Amber said, “When I first arrived at the school in Msunjilile village, I realised how limited the toilet and sanitation facilities were. The school welcomed over five hundred students a day, but they only had six latrines. These latrines were not only falling apart, but they had no doors, no hand washing facilities, water was not being provided for washing away waste and the female students had no access to menstrual hygiene facilities. The toilet facilities were neglected and seen as unimportant.”
One fifth of schools worldwide do not provide any toilet facilities, but Raleigh ICS volunteers are doing their bit to change this.
Amber said “Our team of volunteers built a brand-new toilet block for the students of Msunjilile School. This toilet block contained a disabled toilet, hand washing facilities and a menstrual hygiene room for the female students. Alongside constructing the toilet block, we educated the community across all areas of water, sanitation and hygiene.”
Amber’s project was not solely based on construction, but also aimed to improve the knowledge of the children in the community about the importance of sanitation and hygiene.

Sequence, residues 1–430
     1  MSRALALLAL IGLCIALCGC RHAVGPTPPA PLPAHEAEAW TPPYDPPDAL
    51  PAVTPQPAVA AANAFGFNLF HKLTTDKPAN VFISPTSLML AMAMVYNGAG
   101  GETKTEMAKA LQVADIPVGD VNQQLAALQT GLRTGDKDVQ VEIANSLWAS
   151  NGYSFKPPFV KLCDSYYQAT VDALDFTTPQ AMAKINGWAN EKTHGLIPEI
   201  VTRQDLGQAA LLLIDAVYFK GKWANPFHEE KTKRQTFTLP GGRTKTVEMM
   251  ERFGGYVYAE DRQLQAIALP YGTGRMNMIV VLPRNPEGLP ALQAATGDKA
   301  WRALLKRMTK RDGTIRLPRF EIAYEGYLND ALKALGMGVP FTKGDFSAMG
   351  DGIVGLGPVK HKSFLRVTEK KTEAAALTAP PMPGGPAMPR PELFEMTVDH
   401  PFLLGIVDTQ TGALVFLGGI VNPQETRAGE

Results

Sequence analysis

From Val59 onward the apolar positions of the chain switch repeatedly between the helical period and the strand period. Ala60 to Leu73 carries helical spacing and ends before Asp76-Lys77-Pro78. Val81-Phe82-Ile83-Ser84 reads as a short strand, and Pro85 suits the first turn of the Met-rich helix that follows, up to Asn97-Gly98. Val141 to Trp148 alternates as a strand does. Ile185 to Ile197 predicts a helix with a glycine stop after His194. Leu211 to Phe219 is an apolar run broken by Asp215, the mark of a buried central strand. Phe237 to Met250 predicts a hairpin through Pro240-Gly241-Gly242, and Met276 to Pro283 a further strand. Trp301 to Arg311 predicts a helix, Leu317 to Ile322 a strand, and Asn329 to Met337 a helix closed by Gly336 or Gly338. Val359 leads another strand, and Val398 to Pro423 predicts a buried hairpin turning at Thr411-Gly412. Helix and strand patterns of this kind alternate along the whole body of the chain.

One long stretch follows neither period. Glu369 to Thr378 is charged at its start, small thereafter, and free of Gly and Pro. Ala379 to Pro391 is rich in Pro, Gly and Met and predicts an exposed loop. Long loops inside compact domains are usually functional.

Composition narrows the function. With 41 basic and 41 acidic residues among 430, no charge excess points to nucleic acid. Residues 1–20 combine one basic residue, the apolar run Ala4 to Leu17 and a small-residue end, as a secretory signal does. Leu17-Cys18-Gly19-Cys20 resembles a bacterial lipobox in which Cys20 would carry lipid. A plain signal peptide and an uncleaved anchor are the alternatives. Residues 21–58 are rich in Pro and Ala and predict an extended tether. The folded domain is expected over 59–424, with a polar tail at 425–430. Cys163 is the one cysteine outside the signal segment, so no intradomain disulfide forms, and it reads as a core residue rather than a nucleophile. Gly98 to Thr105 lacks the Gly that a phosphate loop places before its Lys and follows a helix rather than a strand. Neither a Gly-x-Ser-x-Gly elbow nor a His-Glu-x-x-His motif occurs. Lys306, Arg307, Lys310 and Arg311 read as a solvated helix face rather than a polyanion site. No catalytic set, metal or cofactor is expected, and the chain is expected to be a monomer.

Amber said, “We taught lessons in the school each day, in order to provide the children with an array of information about various hygiene topics. In addition to educating the local children, we held regular “mobilisation meetings” with the wider community. It was important for us to educate the whole community on the importance of clean water and sanitation so that the project would be sustainable for the future. The education, resources and facilities that we have built will enable the community to educate the following generations and continue towards a positive and sustainable development.”
“Completing the project and leaving my host family was an overwhelming experience. I felt happy to be leaving a community, who had welcomed me so kindly into their lives, with a long lasting and sustainable set of tools to improve health and sanitation facilities.”
“World Toilet Day is so incredibly important. 2.3 billion people do not have basic sanitation facilities such as toilets or latrines. Basic toilet facilities are about more than comfort. They prevent disease, they promote good health, they provide education, they provide freedom and they provide a life. World Toilet Day is about more than a toilet, it is about allowing people to access their basic human rights.”
This World Toilet Day Raleigh ICS volunteers, like Amber, are working on projects in Tanzania and Nepal which are improving access to toilet facilities in rural communities. Together, they are contributing to Sustainable Development Goal 6, helping to improve water and sanitation around the world.